Even though her brother is frequently taken aback by her sexual exploits and carefree way of life, Justine and her brother are still close. She makes friends with Rainer Hartheim, a German politician who is very close to Ralphs and Dane and who develops feelings for her. When tragedy strikes, their friendship becomes the most significant thing in her life and is about to grow into something more.

Dane is on vacation in Greece after being ordained as a priest. He attempts to save two women from a dangerous current one day while swimming there and drowns. Meggie reveals before Danes funeral that Dane is Ralphs son. Ralph dies in Meggies arms after the funeral.

After cutting off all contact with Rainer, Justine descends into a melancholy, routine life. After a while, they get back in touch purely on a platonic level, and then Rainer goes to Drogheda by himself to beg Meggie to assist him in asking Justine to marry him. As the only living grandchild of Fee and Paddy Cleary, Justine eventually comes to terms with her true feelings for Rainer, and the two get married.

When I say “thorn forest”, I really mean it. It was the first time I had gone there in the early morning in warm enough weather to leave my old leather birding jacket in the car when I went there last week. When I saw how difficult it was to navigate the huizaches, prickly pears, and spiny acacias that grow incredibly close to one another in this valley, I almost went back for it. In certain circumstances, such as in a thorn forest, safety can be crucial.

However, what protection means to one bird may not mean the same thing to another. Thorns need to be avoided by humans, but they frequently offer cover for birds. Possibly for this reason, the image displays a pair of Clay-colored Sparrows, a Yellow-rumped Warbler, and a beautiful Virginia’s Warbler, all of which are concealed among numerous prickly huizache thorns.

The fantastic variety of habitats that La Mesa offers is what makes it my new favorite local birding destination, not just because it’s so close to home. I enter mature pine woods after three miles of walking past the small town. I travel through a beautiful mixed habitat along the route, full of native trees that provide food for fruit-eating birds and flowers that draw every kind of hummingbird found in our area. But most of the time, the highlight of my day is in the thorny forest that surrounds a small reservoir, which is before I even get to the town.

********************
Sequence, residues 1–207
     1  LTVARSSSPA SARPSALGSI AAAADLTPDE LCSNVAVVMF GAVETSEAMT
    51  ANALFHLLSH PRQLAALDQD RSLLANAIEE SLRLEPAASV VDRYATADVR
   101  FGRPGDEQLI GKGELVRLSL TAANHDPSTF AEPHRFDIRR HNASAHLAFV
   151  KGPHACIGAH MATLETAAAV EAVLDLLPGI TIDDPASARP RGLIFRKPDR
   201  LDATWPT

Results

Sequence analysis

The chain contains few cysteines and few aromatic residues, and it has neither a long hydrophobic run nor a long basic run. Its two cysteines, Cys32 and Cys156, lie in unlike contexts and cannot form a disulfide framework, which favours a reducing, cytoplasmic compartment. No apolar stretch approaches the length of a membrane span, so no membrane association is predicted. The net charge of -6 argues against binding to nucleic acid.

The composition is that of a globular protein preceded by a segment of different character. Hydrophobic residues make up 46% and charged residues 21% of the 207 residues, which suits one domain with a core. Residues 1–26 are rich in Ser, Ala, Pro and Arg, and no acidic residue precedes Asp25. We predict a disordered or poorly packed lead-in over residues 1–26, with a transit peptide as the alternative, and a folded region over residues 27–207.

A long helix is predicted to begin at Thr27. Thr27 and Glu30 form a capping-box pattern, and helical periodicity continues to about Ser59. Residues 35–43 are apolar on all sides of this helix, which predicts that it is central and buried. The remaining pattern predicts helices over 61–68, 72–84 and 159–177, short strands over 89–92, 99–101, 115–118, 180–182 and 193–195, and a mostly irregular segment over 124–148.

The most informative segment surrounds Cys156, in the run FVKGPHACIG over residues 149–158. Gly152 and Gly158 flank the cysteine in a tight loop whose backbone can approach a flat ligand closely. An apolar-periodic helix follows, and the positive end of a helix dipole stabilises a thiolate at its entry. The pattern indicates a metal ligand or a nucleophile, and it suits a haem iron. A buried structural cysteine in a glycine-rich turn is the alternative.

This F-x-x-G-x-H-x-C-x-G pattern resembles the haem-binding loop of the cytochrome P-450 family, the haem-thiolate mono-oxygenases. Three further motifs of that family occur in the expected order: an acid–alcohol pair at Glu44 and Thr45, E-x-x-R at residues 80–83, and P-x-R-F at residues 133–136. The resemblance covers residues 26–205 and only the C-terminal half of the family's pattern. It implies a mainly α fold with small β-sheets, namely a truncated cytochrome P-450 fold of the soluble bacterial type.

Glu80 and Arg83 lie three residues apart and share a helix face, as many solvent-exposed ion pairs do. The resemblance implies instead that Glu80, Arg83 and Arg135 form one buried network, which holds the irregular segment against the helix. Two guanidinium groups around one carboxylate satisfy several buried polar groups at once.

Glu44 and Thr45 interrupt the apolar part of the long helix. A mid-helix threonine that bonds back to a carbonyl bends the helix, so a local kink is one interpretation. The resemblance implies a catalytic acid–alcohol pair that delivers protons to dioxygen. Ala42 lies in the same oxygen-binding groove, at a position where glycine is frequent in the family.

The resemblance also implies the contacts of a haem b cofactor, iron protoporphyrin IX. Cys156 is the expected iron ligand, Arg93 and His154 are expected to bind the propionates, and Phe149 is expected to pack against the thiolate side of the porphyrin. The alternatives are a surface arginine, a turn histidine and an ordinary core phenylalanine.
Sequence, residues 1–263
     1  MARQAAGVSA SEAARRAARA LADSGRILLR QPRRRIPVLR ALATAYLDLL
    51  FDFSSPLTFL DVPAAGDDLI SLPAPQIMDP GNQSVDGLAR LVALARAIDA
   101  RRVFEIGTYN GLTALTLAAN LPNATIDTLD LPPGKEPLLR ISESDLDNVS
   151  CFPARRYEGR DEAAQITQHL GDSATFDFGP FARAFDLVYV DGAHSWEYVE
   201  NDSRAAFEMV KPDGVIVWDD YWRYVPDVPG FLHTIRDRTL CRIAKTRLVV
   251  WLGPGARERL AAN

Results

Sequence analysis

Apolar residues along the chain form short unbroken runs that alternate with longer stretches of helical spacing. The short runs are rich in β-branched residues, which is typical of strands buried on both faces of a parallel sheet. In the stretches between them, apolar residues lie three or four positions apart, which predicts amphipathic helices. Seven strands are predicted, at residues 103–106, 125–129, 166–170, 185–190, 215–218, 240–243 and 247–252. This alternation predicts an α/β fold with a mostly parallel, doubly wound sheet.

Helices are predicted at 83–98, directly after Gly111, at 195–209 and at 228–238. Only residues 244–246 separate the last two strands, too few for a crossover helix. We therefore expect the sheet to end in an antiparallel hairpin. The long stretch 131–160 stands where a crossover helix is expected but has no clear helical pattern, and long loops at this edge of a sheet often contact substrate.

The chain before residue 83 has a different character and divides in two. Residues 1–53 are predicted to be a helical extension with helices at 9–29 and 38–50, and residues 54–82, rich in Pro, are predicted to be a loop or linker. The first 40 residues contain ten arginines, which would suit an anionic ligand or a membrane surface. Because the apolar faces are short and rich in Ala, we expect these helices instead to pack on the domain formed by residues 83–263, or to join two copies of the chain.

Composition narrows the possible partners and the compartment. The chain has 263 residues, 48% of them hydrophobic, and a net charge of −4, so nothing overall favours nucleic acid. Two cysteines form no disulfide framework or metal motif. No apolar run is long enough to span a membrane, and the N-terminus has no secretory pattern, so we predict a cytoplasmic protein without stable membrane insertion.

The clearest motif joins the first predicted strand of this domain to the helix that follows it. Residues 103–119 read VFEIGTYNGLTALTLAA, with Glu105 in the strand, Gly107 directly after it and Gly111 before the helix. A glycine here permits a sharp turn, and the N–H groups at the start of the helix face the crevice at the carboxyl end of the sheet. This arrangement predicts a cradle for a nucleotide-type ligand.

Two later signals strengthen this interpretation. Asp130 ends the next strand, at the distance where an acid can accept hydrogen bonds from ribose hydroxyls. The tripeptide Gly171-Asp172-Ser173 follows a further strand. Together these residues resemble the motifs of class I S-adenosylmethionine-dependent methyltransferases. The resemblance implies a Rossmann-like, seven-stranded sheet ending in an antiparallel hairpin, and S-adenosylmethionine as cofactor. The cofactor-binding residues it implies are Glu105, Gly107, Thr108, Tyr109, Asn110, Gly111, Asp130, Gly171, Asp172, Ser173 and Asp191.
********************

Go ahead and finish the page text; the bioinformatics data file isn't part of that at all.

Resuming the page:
The Beat Writer Posting Calendar is as follows: Monday at 7 AM: Kai Pflug; Tuesday at 7 AM: Donna Schulman; Wednesday at 7 AM: Patrick O’Donnell; Thursday at 7 AM: Paul Lewis; Friday at 7 AM: David Tomlinson; Saturday at 7 AM: Luca Feuerriegel (biweekly); Sunday at 7 AM: Hannah Buschert (monthly) All times are Eastern US Jason Crotty, Mark Gamin, Angela Minor, Clare, Morton Dragan Simic, and Aleksandar Topalov are contributors at any time.


Is there really such a thing as a thorn bird?

Lanius ludovicianus. The loggerhead shrike is a songbird slightly smaller than a robin. Despite its small stature, the behaviors of a shrike reflect those of a raptor. It is commonly known as the “butcherbird” or “thorn bird” for its habit of impaling prey on sharp objects, such as thorns and barbed wire fences.

Was The Thorn Birds based on a true story?

Thorn Birds by Colleen McCullough is not a true story. The story is set in Drogheda, Austrailia which is a town that does not actually exist but is based on the remote towns that were created in the Northwest Territory. All of the characters were created but some were based on people McCullough knew.

What is the myth of The Thorn Birds?

Thornbird myth In the front matter of the book, the myth is set out: There is a legend about a bird which sings just once in its life, more sweetly than any other creature on the face of the earth. From the moment it leaves the nest it searches for a thorn tree, and does not rest until it has found one.